It didn’t and the S&P rose inexorably on the wall of worry.

        2) 2024 start has been dominated by surety that continued economic growth was assured and that the Fed would cut rates throughout the year. Until yesterday.

        Do you expect:
        Economic growth to continue, in 2024 as it did in 2023? We are in the year before election – in the past always a time of governmental stimulus to juice growth.
        If so, equities, high yielders and BDC’s are your best bets.

        Or is growth already priced in the markets, valuations at peaks?
        If so, the strongest economic candidates having lower coupons/valuations are your best bets. Recently, ADM and CTA-B offered opportunities in this regard.

        What do you expect the Fed to do? Slowly cut? Nothing? Increase?
        That expectation will drive your FF or Fixed and short term vs perpetual decisions

        Worried about CRE or comfortable that its problems are reflected in current pricing? Regional banks and REITs offer of great risk/opportunity.

        Not sure about any of the above?
        Then you could follow my personal stratgy..
        Decide in advance what allocation in your portfolio is appropriate between risk and “no risk” (CD’s and TBills). Ladder your “no risk”

        For the risk portion , start with the strongest cash flowing companies, preferring investment grade where possible.

        I think it is fair to expect a 2024 portfolio yield of 5.5% to 6% if you limited yourself to the two categories above.

        Many of the more experienced participants in this site are seeking 7%.
        To get 7%, one needs to pursue a trading strategy or to successfully cherry pick the winners in the high yielding area.

        I am approximately 45% CD’s/T Bills; 40% investment grade; 15% pursuing yield.
        No risk yield 5.4%; investment grade 6.2%; high yield 7.3%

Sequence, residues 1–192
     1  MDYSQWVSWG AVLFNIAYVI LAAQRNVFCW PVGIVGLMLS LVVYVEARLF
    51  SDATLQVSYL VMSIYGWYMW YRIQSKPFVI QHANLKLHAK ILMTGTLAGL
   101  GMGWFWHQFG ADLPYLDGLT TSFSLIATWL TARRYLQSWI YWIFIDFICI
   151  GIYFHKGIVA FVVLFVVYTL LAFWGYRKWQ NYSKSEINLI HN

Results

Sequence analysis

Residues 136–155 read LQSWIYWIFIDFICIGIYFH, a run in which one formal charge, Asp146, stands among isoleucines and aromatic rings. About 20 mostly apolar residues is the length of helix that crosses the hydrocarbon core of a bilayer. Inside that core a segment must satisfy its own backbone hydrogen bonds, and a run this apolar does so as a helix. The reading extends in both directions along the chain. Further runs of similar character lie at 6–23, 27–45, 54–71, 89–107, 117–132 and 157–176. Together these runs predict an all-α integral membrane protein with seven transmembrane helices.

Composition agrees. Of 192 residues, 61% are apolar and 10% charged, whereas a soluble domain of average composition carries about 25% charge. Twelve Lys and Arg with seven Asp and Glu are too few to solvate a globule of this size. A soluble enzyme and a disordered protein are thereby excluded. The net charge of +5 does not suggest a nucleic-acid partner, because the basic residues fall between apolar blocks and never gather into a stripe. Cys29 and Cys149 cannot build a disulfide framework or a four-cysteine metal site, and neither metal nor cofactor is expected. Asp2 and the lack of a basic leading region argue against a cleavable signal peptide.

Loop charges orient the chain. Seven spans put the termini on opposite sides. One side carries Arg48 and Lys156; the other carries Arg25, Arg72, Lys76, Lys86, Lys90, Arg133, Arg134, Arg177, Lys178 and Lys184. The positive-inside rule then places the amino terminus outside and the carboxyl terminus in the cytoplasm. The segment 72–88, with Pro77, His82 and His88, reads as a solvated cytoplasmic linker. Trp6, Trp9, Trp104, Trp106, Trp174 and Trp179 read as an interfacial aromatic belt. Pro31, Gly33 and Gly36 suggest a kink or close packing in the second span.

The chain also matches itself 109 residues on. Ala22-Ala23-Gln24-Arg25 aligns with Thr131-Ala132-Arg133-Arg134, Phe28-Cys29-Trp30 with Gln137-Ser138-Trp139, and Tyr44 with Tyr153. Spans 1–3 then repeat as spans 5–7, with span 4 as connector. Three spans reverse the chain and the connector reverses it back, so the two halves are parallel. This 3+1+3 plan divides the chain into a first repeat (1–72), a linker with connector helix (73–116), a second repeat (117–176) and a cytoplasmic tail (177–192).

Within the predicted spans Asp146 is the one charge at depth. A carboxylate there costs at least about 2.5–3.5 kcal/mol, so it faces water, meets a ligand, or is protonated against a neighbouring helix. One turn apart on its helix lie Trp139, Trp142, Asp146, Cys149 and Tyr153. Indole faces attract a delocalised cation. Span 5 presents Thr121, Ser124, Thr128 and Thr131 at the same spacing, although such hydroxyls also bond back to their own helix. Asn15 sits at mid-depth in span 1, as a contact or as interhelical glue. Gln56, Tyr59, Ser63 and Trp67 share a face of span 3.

DYODD based on your own risk tolerance.

        1. Turns out my yield for investment grade is low.
          My investment grade holdings, ranked in descending order of amount held (largest first) and yield based on current price, are:
          KTH 7.1%
          CPRN 10.3%
          KTN 7.7%
          AGMPRF 6.07%
          ADM 3.8%
          GSPRD 6.8%
          AQNB 6.2%
          SCEPRL 6.15%
          ALLPRB 8.7%
          CTAPRB 6.5%
          APOS 7.07%
          RZC 6.88%
          RIVPRA 6.3%
          BNJ 7.07%
          SREA 5.86%
          CMSD 5.98%
          WFCPRL 6.2%
          MGR 6.06%
          FITBI 6.5%\
          MERPRK 6.3%
          BCPRC 6.6%
          ENO 5.8%
          AGFD 6.05%
          ASBA 7.5%

          While not US investment grade rated, ENB 10.9% and EBBGF 7.7% are Canadian investment grade quality holdings that would place #4 on my list above.

          1. Westie, What is your YOC (yield on cost) on these? I hold ETI PR instead of ENO I know it’s one notch below in ratings and a preferred compared to a bond, but pun intended I think New Orleans will be underwater before the redemption date on the bond.

      3. Z,

        If you are willing to hold a low volume Canadian issue, the Enbridge EBGEF resets later this month at 5Yr + 2.82 which at today’s rates would be a touch above 7%. It’s a 5 year reset so the rate will hold for the next 5 years. I own a bunch of this issue at around the current price.

        1. AJ:

          My understanding is that ENB already announced the reset rate on that EBGEF Series 5 preferred on 1/31/24. The company got lucky (again) and was able to use the 5-year Treasury rate of 3.863% to calculate the new dividend amount (see below). Current 5-year Treasury rate hovers around 4.26%. You also have the opportunity to convert into a new security that will float every 3 months. Based on current prices of EBGEF, if you stick with the 5 year reset security your yield will be locked near 7.65%.

          But I defer to 2WhiteRoses as he is the site’s expert on these 3 US traded ENB reset securities. His work in this area has been tremendous.

          “With respect to any Series 5 Shares that remain outstanding after March 1, 2024, holders thereof will be entitled to receive quarterly fixed cumulative preferential cash dividends, as and when declared by the Board of Directors of Enbridge. The new annual dividend rate applicable to the Series 5 Shares for the five-year period commencing on March 1, 2024 to, but excluding, March 1, 2029 will be 6.683 percent, being equal to the five-year United States Treasury bond yield of 3.863 percent determined as of today plus 2.82 percent in accordance with the terms of the Series 5 Shares.”